SNAP DISGRACES ITSELF AGAIN
Instead of looking at the positive reforms made by the U.S. bishops over the last decade, the professional victims’ lobby SNAP is rehashing its age-old claim that there is an ongoing abuse crisis in the Catholic Church. Never mind that in the last three years, an average of seven new credible accusations were made against over 40,000 priests in this country. Indeed, 99.98% of Catholic priests did not have a credible accusation made against them last year.
The John Jay College of Criminal Justice issued its Causes and Context study last year that found the abuse scandal ran from the mid-60s to the mid-80s, peaking in the 70s. After it was published, I issued a report analyzing the study [click here]. Since the end of the scandal, the Church has reformed its policies and curbed the problem, thus becoming a model of how to protect children.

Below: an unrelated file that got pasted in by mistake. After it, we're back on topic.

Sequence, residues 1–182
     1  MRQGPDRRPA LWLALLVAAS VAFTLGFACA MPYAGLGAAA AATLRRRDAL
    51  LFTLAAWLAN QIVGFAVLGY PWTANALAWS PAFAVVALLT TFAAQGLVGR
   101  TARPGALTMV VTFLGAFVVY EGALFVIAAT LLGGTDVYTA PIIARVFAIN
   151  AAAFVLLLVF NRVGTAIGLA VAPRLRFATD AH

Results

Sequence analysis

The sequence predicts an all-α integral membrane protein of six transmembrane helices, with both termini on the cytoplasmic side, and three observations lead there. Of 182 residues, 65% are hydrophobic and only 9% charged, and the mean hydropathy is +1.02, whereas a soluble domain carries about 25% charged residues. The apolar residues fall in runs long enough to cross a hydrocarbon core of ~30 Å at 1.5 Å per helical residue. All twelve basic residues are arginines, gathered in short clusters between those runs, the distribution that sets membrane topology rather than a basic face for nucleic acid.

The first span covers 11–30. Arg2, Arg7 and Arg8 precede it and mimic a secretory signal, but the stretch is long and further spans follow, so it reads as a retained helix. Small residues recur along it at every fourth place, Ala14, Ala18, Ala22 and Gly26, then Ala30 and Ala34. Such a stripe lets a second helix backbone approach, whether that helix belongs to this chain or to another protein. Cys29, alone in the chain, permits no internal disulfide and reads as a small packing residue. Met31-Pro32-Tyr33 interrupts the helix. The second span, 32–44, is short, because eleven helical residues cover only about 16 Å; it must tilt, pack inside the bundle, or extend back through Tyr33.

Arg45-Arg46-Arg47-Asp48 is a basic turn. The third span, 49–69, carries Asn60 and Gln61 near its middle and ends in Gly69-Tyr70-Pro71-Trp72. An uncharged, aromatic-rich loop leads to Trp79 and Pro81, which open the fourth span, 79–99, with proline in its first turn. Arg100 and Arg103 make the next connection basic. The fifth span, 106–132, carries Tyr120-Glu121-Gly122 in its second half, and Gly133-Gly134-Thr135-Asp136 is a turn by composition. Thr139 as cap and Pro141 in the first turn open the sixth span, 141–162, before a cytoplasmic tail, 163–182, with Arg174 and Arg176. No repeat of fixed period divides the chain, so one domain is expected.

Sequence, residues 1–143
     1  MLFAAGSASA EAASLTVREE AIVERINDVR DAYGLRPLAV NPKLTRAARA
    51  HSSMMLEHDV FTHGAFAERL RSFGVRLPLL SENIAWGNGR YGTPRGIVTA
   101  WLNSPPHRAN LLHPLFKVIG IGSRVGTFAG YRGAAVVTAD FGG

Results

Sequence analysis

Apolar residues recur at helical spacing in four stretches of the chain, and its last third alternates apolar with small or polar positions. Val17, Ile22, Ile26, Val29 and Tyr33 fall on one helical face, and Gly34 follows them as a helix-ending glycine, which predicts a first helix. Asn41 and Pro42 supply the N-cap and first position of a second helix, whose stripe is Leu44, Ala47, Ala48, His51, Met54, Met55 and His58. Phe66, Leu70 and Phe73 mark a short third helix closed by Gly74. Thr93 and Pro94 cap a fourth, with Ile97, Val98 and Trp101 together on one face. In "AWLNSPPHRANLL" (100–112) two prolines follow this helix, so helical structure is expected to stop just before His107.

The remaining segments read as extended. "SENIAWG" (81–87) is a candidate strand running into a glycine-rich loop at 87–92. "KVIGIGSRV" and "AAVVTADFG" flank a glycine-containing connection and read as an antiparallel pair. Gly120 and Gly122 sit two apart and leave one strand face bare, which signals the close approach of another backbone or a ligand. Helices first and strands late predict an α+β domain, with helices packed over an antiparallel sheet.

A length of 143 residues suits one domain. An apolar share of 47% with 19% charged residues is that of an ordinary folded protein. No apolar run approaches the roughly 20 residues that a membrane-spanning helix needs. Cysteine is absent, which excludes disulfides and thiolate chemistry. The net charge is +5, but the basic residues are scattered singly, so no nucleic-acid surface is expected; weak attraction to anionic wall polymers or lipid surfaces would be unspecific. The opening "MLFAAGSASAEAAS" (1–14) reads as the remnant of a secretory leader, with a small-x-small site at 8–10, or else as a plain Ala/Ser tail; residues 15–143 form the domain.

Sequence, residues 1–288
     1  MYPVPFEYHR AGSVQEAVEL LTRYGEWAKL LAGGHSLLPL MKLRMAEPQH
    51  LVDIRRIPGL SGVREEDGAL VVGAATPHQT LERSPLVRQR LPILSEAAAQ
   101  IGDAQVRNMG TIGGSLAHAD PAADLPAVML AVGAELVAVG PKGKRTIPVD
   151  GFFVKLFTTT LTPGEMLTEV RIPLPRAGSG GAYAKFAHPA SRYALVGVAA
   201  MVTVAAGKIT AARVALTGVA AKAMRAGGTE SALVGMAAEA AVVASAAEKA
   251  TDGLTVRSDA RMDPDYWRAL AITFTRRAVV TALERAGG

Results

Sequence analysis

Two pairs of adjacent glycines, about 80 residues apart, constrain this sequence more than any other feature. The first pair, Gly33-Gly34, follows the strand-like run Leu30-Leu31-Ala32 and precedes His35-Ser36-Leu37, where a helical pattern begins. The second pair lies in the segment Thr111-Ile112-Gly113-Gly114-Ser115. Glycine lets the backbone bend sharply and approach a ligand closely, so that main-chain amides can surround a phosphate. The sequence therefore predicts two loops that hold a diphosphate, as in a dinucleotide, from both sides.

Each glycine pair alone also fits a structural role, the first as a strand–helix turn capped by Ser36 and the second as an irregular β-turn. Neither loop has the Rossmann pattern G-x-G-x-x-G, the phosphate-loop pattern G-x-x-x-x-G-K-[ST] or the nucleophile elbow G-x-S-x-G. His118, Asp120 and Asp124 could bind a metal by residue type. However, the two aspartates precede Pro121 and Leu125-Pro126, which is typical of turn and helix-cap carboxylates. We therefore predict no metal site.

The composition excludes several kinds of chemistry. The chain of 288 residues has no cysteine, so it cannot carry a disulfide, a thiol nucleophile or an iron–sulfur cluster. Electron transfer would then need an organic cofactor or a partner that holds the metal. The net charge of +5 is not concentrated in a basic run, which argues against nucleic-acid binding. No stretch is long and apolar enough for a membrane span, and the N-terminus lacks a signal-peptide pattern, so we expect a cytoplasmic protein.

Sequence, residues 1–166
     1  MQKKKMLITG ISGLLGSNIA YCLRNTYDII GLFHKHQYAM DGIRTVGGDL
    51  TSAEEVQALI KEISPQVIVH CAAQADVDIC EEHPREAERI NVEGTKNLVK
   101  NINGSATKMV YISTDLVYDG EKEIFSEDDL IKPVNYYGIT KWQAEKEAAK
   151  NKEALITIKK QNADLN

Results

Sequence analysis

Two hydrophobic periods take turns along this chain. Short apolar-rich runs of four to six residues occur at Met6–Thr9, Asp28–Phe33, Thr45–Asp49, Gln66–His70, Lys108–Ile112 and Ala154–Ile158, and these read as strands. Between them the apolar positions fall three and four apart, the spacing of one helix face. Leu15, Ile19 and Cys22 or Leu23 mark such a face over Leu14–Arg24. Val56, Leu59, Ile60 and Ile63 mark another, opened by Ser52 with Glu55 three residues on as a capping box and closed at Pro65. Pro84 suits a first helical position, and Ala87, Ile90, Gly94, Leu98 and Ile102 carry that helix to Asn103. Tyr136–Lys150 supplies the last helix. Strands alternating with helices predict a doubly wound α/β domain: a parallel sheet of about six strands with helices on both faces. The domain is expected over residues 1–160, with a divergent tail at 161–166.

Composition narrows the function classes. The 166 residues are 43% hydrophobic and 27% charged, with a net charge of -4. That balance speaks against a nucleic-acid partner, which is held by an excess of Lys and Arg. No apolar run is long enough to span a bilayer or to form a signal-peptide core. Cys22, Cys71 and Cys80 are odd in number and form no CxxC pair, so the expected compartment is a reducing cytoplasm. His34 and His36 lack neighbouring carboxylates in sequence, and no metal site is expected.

Don’t let SNAP’s ad fool you. While they purport to be concerned with the safety of children, their real agenda is to sunder the Catholic Church. Last year its annual conference turned into a Church-bashing event. How do we know this? We had trusted sources attend and fill us in on the rhetoric [click here to see our report].
Earlier this year, SNAP’s director David Clohessy, was deposed regarding his role in priest abuse cases and what was disclosed was truly revealing [click here to see our report]. SNAP, the bastion of child protection, contributed $593 in 2007 to “survivor support,” yet spent $92,000 the following year on travel. Clohessy even admitted to giving false statements to the press—so why would anyone believe what he is bandying about in today’s Times?
Where today’s scandal truly lies—and one that SNAP is partly responsible for—is the false accusations made against many priests. SNAP’s attempt to resurrect itself by cashing in on old problems will fail. Indeed, they have disgraced themselves again.